DDR3/DDR4/DDR5 Test Challenges
2021-07-06 | 7 min read
Double data rate (DDR) memory has progressed through four generations: improving in speed, efficiency, and memory capacity. The Joint Electron Device Engineering Council (JEDEC) released the fifth-generation double data rate (DDR5) synchronous dynamic random access memory (SDRAM) standard in July 2020. DDR5 will double the bandwidth in each dual in-line memory module (DIMM) over DDR4. DDR4 bandwidth ranges from 1.6 Gbps to a more recently attained 3.2 Gbps. DDR5 increases memory density to a potential maximum of 6.4 Gbps, doubling DDR4’s throughput frequency.
DDR5’s burst length is twice that of DDR4. Moreover, a DDR5 DIMM has two independent subchannels that improve memory controller scheduling and support concurrent operations. The same-bank refresh function of DDR5 enables a CPU core to use other DDR5 banks if one is already in use. DDR technology integrates error-correcting code (ECC) in-chip. (ECC finds and corrects errors before it sends data to the CPU.) DDR5 also lowers operating voltage by a small amount. Its modules will run at 1.1 V, compared with 1.2 V on DDR4. A lower operating voltage means better power efficiency, and the power saved adds up in large server farms.
A Small Inconvenience: New Slot
It appears DDR5 improves everywhere except for a small inconvenience in design and manufacturing. Both DDR4 and DDR5 modules have 288 pins and do not share the same pin layout. Thus, the DDR5 DIMM will need a new slot. However, like DDR4, DDR5 still uses a ball grid array (BGA) package and has the x4/x8 common footprint.
Though DDR5 offers far better performance than its predecessors, it has some testing challenges. A common signal integrity challenge found in DDR designs is timing issues with the memory controller. Historically, it was enough to run setup and hold time tests to verify data transfer. The speeds were slower, so margins were wider — meaning you had enough room to declare a DDR2 or DDR3 design within specification as long as you passed a setup and hold time test.
Eye Diagram Verification
However, with faster speed comes tighter margins. If you are working with DDR4 or DDR5, you no longer have enough margin to pass specifications with simple setup and hold time testing. Verifying DDR4 or DDR5 requires an eye diagram.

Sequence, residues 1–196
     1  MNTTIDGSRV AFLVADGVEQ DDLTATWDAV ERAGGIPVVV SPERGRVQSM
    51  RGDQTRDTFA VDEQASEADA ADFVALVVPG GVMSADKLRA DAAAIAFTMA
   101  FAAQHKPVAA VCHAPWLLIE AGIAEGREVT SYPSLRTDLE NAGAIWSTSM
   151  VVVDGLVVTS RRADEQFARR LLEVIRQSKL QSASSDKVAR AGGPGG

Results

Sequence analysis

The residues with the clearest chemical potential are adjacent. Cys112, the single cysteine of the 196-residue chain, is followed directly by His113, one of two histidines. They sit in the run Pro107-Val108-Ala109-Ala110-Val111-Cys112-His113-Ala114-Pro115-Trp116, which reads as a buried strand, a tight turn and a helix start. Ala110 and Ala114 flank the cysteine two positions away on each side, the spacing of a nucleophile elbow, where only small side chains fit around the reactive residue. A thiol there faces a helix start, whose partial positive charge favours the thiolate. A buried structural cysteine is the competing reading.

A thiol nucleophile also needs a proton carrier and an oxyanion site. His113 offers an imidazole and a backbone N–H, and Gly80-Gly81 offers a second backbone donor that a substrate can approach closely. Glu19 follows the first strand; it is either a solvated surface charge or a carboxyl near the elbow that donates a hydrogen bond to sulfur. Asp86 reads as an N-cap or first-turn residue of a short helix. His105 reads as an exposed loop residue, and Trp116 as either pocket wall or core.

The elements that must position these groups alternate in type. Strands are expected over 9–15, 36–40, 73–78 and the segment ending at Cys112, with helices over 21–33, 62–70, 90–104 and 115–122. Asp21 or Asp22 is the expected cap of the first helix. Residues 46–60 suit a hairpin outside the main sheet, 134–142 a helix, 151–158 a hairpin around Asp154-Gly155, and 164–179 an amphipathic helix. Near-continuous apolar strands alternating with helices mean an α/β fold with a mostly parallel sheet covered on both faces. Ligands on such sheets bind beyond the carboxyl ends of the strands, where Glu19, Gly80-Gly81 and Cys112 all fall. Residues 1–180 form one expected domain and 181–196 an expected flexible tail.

The DDR4 standard requires a specific margin and tolerances for random jitter and bit error rate within the specification. From this standard, you can create a mask in your oscilloscope. A mask defines a region on the oscilloscope’s display in which the waveform must remain to meet the requirements of your standard. If the eye closes too much and enters the mask, you likely have bit errors and will fail to meet the specification.
DDR5 eyes start closing at the solder ball contacts of the DRAM package around 4 GT/s, depending on the signal integrity of the device under test. The DDR5 specification is defined at the solder balls of the DRAM because probing inside the chip package is exceptionally difficult to do in-system. Unfortunately, probing at the solder balls of the DRAM does not tell you if the eye is open or closed in the chip. Therefore, you must compensate with a decision feedback equalizer (DFE). A four-tap DFE, as described in the DDR5 specification, is necessary to remove the impulse response effects of the channel.
Apart from the signal integrity issues, you may encounter data corruption issues while validating a DDR4, LPDDR4, DDR5, or LPDDR5 design. Data corruption has a broad range of causes, typically signal integrity and functional issues. Oscilloscopes validate and debug the integrity of the signals, while logic analyzers debug and validate the functional or protocol compliance of memory systems.
Functional issues, where the memory devices do not receive the correct commands in the proper sequence or within specified timings, can result in data corruption and system crashes. Testing is essential to find these errors and their causes, whether physical or functional, so you can debug your design and prevent failures. You can use compliance test software to make testing and debugging easier.
DDR compliance test software runs on your oscilloscope to help validate the signal integrity and physical layer of your design. It automates the compliance test, verifies your design results, and generates a pass/fail report. All you need to do is connect the signals to your oscilloscope and run the application.
To test your design’s functional or protocol compliance, the right logic analyzer can capture all DDR signals simultaneously. For DDR5, protocol capture is possible with a logic analyzer at data rates up to 8,000 MT/s (when the column/address (CA) signals are operating at 4 GHz). Powerful analysis software decodes the memory protocol transactions and provides multiple views and graphs of the traffic flowing through the system. The views and graphs help validation engineers rapidly navigate the traffic flow to identify areas of concern. Protocol compliance validation software identifies exact issues in memory systems.
Oscilloscopes and compliance software can alleviate some of the challenges if you are working on the physical layer. Logic analyzers can help you test and debug your designs if you are working on functional and protocol compliance.
To learn more about the DDR memory test challenges, check out Keysight’s whitepaper DDR Memory Test Challenges: from DDR3 to DDR5.